|THE QUEST FOR THE GOLDEN ONION|
THE QUEST FOR THE GOLDEN ONION
An associative investigation into the three parts of three
The artist at last stood in the pulpit. I’ve always wanted to begin that way, but until now I’ve always been on time. Well, I’m not late now either, but, well… Anyone with me? Recognized the first sentence? <<<If yes: Oh, I’ll remember you. Have a candy! If no: Never mind – with a smile. >>>
My name is Ulrika Erdes and this is an associative investigation into the three parts of three and the whole thereof as well as a quest in itself.
So let’s begin, and begin we shall, at the beginning and the choice of precisely three.
But even before that; this is a lecture, a performance, a piece of art and as such it might affect our persons. I want you to contemplate that knowledge of different sorts of things helps form our identity, as well as summon peers, but that same knowledge might, in another context, ruin us. The knowledge of certain things makes people look at you sideways; it might be a glimmer of recognition or it might be in scorn. The knowledge of many things might be appreciated by some and yet cultivate suspicion, anger, envy, from other directions.
Then how much shall you admit you know? Three strikes and you are out? Is the sensible approach to always keep quiet, never utter a word, at no time acknowledging your insight? But how will it suit your character to be the one who never knows a thing, never seems to get the pun? This is not to be taken lightly; this is not to be seen as a joke or mere amusement.
Enough said. The beginning begun some time ago and we have yet to address it properly. Three is in the centre here, so then the question is; why three? It is a hard case to argue, perhaps. We could just as easily have chosen four, a number common enough.
So I decided to get some help. Boye wrote:
Yes, there is goal and meaning in our path –
But ‘tis the pathway that is the labour’s worth.
That is to say, three might be the stipulation, although not the subject. It is only after three is chosen, that we can perceive what appears around it. And Churchill said: “For it is choosing that is crucial, not what’s chosen”. With this in mind, without hesitation and with no further ado; in three we put our trust.
<<<Churchill. Who was Churchill? Please tell the others. Great, oh, wait, (go through purse) have a candy>>> He was prime minister, he also received a Nobel prize in literature, but, more interestingly, designed clothes. He believed jumpsuits to be both practical and comfortable and wished to see it as the preferred garment throughout society. Since it would still be important for everyone to be able to easily determine class, labour and such, he eagerly designed suitable accessories and suggested colour-coding.
I’d like to make you aware, that there is a price at the end. I will give you clues and hints along the way. We seek an object, an object that is also the price. If you get, and are also prepared to admit, getting the references, said price will be yours. I’ll give you a hint right away; a golden thing that might make you cry. Think about it.
So. This will be the third and last beginning of the lecture, how appropriate. I’d like to start on a personal note and give you a few, well three, significant occurrences of three my life. First – I have two brothers – that makes us three siblings. <<<some of you have siblings? Great, have a candy>>> Secondly – a reference to a musical instrument – my clarinet box, borrowed from school and marked with the number three; this made me choose three as my lucky number. And third – my grandfather, who had but three fingers on his left hand. Funny thing; he was called Joseph and his wife Mary, and also, he was a carpenter.
So, in a way, God could have been my great-grandfather, but they didn’t name my father Jesus, so there you are. And also, my father isn’t a very god-fearing man, and, imagine being God’s only son and an atheist. So I’m glad his name is Adam. No it isn’t. Yes it is. No. Never mind. I shouldn’t have said that.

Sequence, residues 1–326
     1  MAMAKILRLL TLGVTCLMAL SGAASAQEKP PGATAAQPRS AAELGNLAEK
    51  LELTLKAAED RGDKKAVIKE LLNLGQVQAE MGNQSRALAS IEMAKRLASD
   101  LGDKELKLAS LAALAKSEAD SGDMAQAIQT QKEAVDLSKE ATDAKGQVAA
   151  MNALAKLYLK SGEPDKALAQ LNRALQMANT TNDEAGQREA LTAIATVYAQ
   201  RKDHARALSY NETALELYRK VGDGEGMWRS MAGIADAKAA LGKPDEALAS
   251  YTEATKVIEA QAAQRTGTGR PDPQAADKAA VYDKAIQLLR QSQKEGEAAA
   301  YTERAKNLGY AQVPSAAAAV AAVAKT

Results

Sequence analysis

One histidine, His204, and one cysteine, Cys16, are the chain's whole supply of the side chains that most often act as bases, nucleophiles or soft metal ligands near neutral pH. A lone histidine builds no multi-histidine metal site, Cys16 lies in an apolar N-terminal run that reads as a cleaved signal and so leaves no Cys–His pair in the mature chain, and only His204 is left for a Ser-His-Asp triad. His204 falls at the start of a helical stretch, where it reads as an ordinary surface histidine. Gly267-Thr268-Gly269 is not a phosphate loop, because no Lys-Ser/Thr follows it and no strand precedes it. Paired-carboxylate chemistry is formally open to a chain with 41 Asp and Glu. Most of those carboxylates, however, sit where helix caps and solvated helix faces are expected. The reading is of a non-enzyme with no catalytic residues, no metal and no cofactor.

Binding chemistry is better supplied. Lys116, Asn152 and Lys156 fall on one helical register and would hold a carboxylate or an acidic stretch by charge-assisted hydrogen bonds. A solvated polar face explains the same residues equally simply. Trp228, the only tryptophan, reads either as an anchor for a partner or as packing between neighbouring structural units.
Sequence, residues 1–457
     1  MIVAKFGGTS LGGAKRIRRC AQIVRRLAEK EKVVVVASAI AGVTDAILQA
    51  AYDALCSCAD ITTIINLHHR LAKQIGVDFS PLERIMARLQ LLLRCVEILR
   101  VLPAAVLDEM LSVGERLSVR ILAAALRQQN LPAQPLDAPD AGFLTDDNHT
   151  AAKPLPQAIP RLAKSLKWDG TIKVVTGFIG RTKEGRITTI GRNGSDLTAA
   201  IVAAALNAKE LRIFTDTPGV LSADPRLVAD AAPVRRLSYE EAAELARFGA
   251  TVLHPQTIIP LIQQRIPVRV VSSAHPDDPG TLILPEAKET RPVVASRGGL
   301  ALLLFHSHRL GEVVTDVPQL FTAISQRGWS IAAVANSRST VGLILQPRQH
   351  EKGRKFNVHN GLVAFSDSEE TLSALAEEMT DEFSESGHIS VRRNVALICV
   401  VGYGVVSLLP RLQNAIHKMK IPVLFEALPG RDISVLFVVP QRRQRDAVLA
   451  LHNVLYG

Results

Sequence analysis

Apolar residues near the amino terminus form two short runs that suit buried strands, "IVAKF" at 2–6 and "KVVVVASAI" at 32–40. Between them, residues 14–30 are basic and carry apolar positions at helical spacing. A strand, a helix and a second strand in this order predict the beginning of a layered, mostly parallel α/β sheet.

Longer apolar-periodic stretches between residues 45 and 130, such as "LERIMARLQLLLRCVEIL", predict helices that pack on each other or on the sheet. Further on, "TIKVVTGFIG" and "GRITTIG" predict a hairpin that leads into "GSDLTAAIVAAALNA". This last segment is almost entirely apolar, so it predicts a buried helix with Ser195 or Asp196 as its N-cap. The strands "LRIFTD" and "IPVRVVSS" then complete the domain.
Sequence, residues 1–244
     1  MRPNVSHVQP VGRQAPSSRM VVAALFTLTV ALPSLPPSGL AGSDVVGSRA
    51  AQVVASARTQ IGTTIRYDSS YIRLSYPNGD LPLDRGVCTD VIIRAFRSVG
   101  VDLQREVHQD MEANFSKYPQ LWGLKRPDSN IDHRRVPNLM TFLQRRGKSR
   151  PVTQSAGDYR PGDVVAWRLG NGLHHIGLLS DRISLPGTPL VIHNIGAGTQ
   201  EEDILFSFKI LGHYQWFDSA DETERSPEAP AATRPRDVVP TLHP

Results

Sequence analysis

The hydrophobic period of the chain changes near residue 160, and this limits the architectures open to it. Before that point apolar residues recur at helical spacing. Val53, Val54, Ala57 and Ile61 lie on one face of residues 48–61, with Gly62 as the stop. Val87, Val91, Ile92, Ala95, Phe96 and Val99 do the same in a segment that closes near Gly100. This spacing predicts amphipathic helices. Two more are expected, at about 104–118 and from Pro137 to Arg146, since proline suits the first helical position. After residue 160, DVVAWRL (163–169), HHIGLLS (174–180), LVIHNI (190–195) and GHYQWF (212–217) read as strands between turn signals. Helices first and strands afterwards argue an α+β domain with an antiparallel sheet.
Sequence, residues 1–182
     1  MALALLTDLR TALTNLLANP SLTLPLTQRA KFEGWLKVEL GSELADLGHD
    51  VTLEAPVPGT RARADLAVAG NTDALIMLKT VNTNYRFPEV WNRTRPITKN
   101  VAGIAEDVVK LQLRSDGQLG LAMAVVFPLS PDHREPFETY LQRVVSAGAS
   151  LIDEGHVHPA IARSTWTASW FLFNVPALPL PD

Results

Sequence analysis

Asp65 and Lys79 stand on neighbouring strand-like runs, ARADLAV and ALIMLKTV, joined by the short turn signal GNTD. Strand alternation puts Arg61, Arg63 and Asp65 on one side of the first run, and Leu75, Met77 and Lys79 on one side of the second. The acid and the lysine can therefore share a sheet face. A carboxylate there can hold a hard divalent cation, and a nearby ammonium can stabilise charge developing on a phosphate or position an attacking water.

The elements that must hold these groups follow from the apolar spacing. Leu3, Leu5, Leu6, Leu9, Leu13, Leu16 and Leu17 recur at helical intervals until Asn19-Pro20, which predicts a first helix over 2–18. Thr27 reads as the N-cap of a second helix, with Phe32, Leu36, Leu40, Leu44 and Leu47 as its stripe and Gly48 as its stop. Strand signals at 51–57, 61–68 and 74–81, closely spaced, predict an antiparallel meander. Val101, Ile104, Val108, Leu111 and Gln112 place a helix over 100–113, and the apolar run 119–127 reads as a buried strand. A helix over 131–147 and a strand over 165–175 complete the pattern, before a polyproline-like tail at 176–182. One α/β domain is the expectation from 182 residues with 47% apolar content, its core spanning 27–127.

Reaching out of myself and in to ourselves; from the egocentric to the anthropocentric; where in our bodies do we find a three-some? Five senses, four limbs, and then a gap to the pair of lungs and a single head. Perhaps half a centaur at the end.
There are lots of demand for threes in other locations, though.
* Divine law, Natural Law, Human law. So reads the Three Laws, written down in the first century AD by Saint Augustine. Saint Augustine, who also gave us the Three Features of the Soul, that is; Intellect, will, memory.
And we shall not forget the axis of evil. <<<How many may they be? – Three! Absolutely!>>> Precisely three axis of evil, declared by Bush junior in the State of the Union Address on January 29th 2002.
I can go on, and I will. You see Kant’s all over the place; Three Faculties of Soul, Three Higher Faculties of Cognition, Three Judgements of Quantity, Three Categories of Quantity, Three Judgements of Quality, Three Categories of Quality, Three Judgements of Relation, Three Categories of Relation, Three Judgements of Modality, Three Categories of Modality.
White men absolutely love when things come in threes.
You also find three is connected to the art world and this, as you just noticed, will not be overlooked here. Three happens to be the fourth Fibonacci number <<<Are you familiar with Fibonacci? The spiral that looks like a shell?>>> Well, you can’t say he invented it – because the idea really came centuries earlier from India – but, around 1200 AD, Fibonacci wrote down what we now call the Fibonacci sequence.
If you draw it, the sequence creates a spiral-shape, and this form fits perfectly in some of the most famous pieces found in art institutes. For example, if you tilt Hokusai’s “The Great Wave off Kanagawa”, just a little, it becomes apparent how this spiral-shape fits the towering water perfectly.
The lovely little lady at the Louvre of course hides the Fibonacci feature in all sorts of angles and sizes, you would expect no less of the, perhaps, most well known painting of all. I’m sure you’ll be interested to find a third example on your own.
I told you earlier how a box opened up before me and three took root as a personal lucky number. <<<Does, anyone else have three as a lucky number? Yeah, great, good for you, have a candy>>> As for the rest of you, you really should look in to it.
Anyone consider four to be lucky? <<<Grab chair and sit down next to the person who answers affirmative.>>> Oh… I’m sorry. How’s that working for you? <<<As Dr Phil would have said.>>> Four sounds like death in Cantonese and are largely considered to be an unlucky number. Here, have a pity candy. <<<Take candy out of your bra and give it to said person.>>> Anyone else? <<<Reaches inside bra.>